Memorandum by the Adviser on Political Relations (Hornbeck)

Admiral Yarnell has asked that he be given reenforcements of about 1,000 Marines “from the United States, as soon as practicable.” In reply to a question: Do you prefer this to Army reenforcements from Manila, he has replied “Affirmed.”

It would be possible to send the 6th Regiment of Marines (about 1,200 men) from San Diego, to arrive at Shanghai about 5 weeks hence.

It would be possible to send the 31st Regiment, U. S. A., from Manila, to arrive within a few days.

In 1927, this Government sent Marines from the United States.

In 1932, this Government sent Army reenforcements (31st Regiment) from Manila.

The obvious advantage of sending Marines is that, as we already have Marines at Shanghai, and as the whole force there comes under the command of the Commander-in-Chief of our Asiatic Fleet, this would give us a uniform force instead of a combination of two types of forces.

The obvious advantage of sending Army reenforcements from Manila would be that those reenforcements could arrive at Shanghai at an earlier date.

Admiral Yarnell has expressly affirmed his preference for Marines from the United States. It is reasonably inferable that he feels that the emergency situation is likely to be long drawn out. The Marines are better adapted to the type of action called for than are Army forces. A uniform force of Marines under the Commander-in-Chief can operate more economically and with less overhead of officer personnel than can a combined force. An important consideration [Page 421] contra sending the 31st Regiment from the Philippines is that (so I am informed) it is the only complete white personnel regiment that we now have in the Philippines, whence the sending of that force from the Philippines would substantially weaken our military “set-up” in the Philippines.

Among other persons whom I have consulted in giving consideration to this question are Admiral Taylor, U. S. N. Retired, who was Commander-in-Chief of the Asiatic Fleet in 1932, General Holcomb, Commandant, U. S. Marines, Admiral Richardson, Acting Chief of Naval Operations, and Colonel Eichelberger, of the General Staff, U. S. A.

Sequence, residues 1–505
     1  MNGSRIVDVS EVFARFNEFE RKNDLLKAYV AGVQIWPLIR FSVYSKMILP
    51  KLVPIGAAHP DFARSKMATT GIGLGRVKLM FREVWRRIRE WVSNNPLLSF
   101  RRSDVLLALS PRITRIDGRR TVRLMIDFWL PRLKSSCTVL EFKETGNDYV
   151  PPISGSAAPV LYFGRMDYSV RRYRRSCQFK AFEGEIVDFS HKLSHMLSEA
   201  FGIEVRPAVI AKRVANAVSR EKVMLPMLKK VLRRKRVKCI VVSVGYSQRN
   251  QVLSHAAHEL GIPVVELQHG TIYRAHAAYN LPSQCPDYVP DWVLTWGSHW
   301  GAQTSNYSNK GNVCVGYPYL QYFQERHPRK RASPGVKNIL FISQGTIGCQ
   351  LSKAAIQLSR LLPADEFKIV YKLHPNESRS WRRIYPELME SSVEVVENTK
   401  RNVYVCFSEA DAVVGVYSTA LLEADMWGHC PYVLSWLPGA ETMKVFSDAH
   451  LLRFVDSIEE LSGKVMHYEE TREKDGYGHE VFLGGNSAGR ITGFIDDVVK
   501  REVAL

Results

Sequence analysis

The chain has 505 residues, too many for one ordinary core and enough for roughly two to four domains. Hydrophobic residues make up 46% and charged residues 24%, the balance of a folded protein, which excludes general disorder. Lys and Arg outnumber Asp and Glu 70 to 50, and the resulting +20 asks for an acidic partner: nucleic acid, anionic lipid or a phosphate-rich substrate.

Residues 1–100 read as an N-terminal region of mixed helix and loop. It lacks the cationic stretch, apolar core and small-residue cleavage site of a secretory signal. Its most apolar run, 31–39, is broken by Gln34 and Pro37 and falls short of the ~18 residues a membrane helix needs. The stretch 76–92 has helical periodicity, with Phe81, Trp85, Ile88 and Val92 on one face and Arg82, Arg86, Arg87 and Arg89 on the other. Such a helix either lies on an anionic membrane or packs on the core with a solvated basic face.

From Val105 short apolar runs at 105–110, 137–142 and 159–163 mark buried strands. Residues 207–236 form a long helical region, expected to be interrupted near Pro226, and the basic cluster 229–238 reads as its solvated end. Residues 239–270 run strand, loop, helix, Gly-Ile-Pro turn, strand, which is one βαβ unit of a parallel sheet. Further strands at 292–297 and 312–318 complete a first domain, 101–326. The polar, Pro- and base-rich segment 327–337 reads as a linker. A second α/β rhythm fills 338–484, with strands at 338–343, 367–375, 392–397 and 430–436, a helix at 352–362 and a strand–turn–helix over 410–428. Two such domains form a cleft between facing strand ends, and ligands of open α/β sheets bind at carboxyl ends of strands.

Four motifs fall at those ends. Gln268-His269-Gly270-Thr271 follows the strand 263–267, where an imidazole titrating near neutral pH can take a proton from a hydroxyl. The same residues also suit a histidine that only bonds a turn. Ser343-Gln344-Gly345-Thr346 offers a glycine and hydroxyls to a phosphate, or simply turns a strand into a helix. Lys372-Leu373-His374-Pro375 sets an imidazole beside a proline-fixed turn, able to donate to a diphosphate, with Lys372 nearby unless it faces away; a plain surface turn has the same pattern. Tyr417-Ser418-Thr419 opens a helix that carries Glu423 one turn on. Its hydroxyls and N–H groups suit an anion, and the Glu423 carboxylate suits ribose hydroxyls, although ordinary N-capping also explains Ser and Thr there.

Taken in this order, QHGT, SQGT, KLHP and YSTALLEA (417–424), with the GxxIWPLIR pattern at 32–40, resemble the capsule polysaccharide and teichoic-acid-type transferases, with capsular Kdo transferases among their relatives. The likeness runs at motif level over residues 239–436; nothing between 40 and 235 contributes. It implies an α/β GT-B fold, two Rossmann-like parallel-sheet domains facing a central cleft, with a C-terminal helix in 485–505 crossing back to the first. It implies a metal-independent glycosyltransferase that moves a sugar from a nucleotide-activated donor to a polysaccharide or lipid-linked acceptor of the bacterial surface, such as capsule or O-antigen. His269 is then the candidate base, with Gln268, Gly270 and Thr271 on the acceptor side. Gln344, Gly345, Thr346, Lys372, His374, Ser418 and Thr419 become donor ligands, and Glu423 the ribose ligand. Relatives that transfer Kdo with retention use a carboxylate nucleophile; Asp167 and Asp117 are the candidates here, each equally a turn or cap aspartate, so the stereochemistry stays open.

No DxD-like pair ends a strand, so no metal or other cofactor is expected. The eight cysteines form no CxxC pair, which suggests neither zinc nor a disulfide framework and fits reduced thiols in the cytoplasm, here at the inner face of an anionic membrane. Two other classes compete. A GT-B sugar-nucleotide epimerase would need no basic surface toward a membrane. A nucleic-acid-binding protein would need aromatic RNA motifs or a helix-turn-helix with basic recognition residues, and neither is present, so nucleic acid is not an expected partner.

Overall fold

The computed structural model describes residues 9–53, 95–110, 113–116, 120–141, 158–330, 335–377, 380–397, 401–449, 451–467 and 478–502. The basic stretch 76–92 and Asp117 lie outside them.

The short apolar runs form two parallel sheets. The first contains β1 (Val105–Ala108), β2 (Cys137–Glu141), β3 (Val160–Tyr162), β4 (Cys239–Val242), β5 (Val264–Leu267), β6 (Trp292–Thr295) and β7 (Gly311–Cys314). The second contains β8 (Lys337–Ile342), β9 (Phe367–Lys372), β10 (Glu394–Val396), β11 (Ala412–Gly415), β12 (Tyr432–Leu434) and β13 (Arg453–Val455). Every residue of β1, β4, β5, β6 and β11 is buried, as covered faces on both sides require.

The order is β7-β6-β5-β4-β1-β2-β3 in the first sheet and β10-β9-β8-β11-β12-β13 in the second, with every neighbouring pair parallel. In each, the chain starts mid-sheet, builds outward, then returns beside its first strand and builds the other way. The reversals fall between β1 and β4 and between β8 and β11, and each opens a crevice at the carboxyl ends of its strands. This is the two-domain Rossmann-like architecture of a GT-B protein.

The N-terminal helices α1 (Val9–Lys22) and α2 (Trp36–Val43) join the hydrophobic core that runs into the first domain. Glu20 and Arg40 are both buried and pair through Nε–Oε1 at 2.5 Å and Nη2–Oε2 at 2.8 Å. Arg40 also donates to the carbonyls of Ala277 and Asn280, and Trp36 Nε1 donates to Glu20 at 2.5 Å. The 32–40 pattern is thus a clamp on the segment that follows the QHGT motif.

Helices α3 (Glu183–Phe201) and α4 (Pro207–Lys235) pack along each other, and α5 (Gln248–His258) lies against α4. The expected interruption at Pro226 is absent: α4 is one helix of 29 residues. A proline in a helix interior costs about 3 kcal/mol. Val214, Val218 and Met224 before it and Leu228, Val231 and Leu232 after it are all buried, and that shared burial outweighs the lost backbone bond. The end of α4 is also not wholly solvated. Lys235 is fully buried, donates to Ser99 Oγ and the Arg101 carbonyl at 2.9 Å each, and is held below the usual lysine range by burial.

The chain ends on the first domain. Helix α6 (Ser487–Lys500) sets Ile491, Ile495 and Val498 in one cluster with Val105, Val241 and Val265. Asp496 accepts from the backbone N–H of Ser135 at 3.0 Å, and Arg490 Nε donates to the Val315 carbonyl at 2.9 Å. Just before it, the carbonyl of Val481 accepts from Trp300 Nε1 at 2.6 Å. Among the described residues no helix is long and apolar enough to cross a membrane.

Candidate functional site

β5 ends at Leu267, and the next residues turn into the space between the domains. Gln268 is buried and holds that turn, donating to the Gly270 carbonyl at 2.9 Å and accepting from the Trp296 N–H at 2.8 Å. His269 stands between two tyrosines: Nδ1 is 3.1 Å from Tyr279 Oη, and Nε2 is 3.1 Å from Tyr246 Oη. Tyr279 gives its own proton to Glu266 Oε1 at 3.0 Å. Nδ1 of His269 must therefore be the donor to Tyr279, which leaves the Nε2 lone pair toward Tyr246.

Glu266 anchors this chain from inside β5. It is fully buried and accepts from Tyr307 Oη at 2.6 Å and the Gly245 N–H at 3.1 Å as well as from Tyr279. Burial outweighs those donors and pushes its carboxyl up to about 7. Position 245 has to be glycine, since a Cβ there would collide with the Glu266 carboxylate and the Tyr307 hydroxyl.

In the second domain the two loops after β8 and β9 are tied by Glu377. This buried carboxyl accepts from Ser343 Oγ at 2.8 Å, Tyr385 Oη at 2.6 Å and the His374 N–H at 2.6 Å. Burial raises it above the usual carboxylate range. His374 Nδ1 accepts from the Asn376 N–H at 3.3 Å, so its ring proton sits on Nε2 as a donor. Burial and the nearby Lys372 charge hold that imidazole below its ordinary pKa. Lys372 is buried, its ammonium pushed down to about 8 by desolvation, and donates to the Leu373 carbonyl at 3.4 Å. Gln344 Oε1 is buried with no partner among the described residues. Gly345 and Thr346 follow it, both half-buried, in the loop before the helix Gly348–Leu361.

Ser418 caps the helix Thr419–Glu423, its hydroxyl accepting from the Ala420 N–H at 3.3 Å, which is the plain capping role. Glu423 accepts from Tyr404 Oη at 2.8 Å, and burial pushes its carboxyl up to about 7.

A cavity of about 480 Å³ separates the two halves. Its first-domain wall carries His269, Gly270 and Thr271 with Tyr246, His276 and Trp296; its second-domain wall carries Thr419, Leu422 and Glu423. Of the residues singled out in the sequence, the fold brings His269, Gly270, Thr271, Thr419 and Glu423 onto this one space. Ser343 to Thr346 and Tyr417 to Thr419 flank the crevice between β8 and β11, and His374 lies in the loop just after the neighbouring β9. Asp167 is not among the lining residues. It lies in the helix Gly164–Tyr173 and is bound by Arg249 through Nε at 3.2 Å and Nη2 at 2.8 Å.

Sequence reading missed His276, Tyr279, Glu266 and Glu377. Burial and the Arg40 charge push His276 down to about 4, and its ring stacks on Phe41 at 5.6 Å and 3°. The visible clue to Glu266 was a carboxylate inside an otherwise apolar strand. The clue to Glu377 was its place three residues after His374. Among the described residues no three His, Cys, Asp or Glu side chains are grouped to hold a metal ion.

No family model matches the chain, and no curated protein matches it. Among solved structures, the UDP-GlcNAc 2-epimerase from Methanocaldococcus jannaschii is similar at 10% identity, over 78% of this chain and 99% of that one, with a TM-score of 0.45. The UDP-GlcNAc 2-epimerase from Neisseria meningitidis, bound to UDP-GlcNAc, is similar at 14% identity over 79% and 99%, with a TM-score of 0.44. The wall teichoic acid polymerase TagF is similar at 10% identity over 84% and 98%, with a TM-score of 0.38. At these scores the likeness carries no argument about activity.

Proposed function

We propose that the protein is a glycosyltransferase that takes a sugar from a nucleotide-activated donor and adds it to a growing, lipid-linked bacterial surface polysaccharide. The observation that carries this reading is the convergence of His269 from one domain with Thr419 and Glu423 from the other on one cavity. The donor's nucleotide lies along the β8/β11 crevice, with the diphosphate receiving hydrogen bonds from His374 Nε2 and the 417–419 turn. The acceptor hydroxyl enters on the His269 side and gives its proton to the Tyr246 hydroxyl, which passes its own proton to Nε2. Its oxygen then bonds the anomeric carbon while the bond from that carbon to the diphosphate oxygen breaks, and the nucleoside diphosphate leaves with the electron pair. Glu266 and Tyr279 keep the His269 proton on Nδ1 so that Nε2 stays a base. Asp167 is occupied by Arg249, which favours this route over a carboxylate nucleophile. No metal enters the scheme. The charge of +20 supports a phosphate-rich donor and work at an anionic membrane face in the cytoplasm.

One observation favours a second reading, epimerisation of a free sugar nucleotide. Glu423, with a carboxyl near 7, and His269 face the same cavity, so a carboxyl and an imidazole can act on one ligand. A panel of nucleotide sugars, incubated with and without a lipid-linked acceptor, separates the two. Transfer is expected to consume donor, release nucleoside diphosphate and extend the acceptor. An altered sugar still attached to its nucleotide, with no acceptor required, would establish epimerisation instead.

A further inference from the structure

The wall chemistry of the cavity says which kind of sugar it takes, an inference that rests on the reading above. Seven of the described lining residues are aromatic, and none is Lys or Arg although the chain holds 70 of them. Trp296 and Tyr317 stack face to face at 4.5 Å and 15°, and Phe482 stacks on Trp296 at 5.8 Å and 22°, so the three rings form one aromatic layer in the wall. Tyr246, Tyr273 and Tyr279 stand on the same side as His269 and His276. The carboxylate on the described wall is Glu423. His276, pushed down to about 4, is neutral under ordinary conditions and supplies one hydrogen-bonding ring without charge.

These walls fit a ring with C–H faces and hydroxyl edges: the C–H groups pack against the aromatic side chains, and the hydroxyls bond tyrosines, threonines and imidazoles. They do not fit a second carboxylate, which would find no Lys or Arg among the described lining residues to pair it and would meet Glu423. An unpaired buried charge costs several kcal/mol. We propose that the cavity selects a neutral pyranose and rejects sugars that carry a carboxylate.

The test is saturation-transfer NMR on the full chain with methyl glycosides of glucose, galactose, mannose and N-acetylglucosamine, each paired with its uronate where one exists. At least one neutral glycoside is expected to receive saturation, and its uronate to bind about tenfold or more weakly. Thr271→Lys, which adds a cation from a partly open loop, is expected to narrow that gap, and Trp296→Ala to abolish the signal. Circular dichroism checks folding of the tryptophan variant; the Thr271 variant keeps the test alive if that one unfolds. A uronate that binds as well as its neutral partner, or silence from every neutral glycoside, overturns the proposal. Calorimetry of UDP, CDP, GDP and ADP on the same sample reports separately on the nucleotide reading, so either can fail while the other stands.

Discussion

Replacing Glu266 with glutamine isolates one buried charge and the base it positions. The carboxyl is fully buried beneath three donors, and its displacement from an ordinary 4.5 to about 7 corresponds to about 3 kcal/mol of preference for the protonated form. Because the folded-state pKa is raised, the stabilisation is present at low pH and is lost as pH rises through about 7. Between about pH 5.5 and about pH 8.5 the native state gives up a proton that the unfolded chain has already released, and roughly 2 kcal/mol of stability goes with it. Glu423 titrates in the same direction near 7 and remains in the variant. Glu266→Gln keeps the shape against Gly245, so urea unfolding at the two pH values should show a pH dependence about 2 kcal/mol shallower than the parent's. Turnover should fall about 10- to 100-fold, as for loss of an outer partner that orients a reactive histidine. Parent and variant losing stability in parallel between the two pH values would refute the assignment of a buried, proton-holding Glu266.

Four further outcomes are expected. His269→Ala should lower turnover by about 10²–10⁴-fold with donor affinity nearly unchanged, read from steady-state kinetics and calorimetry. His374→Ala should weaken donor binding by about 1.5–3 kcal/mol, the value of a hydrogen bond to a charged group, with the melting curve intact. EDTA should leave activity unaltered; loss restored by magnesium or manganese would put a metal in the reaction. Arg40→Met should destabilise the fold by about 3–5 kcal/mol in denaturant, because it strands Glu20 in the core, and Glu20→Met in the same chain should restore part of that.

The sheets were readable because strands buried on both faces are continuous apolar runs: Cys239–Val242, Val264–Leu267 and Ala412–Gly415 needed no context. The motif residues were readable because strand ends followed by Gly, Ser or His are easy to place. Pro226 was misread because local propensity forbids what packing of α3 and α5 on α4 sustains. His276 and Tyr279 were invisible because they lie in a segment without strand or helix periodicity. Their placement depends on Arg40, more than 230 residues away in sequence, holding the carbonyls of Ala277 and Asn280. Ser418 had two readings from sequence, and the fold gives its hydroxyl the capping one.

On the basis of what I know thus far of the situation, of past experience, and of what seem to be the possibilities of the immediate future, it seems to me desirable to act on the recommendation of the Commander-in-Chief of the Asiatic Fleet, which has been approved by the American Consul General at Shanghai, and to recommend that we send Marines from the United States.

(Note: I am not oblivious of the fact that political considerations within the United States need to be taken into account. I am recommending, however, the procedure which seems to me most sound and practicable from point of view of the problem presented in the Far East from the angles of (1) giving adequate protection to our nationals and interests and (2) best serving the interests of this country in the field of international relations.)

(Note: Since dictating the above, I have had a conference with officers of the Navy Department and Marine Headquarters. These officers have given me full details with regard to the 6th Regiment, U. S. Marines, which is ready at San Diego, with regard to sailing possibilities, time factor, etc. General Holcomb strongly recommends that, if Marines be sent from this country, the whole Regiment (1,200 men) rather than only 1,000 men be sent. This seems to me altogether reasonable.

(We have in the Philippines, at Cavite, less than 400 Marines. Of these, 102 men and 2 officers are now on their way to Shanghai.)

S[tanley] K. H[ornbeck]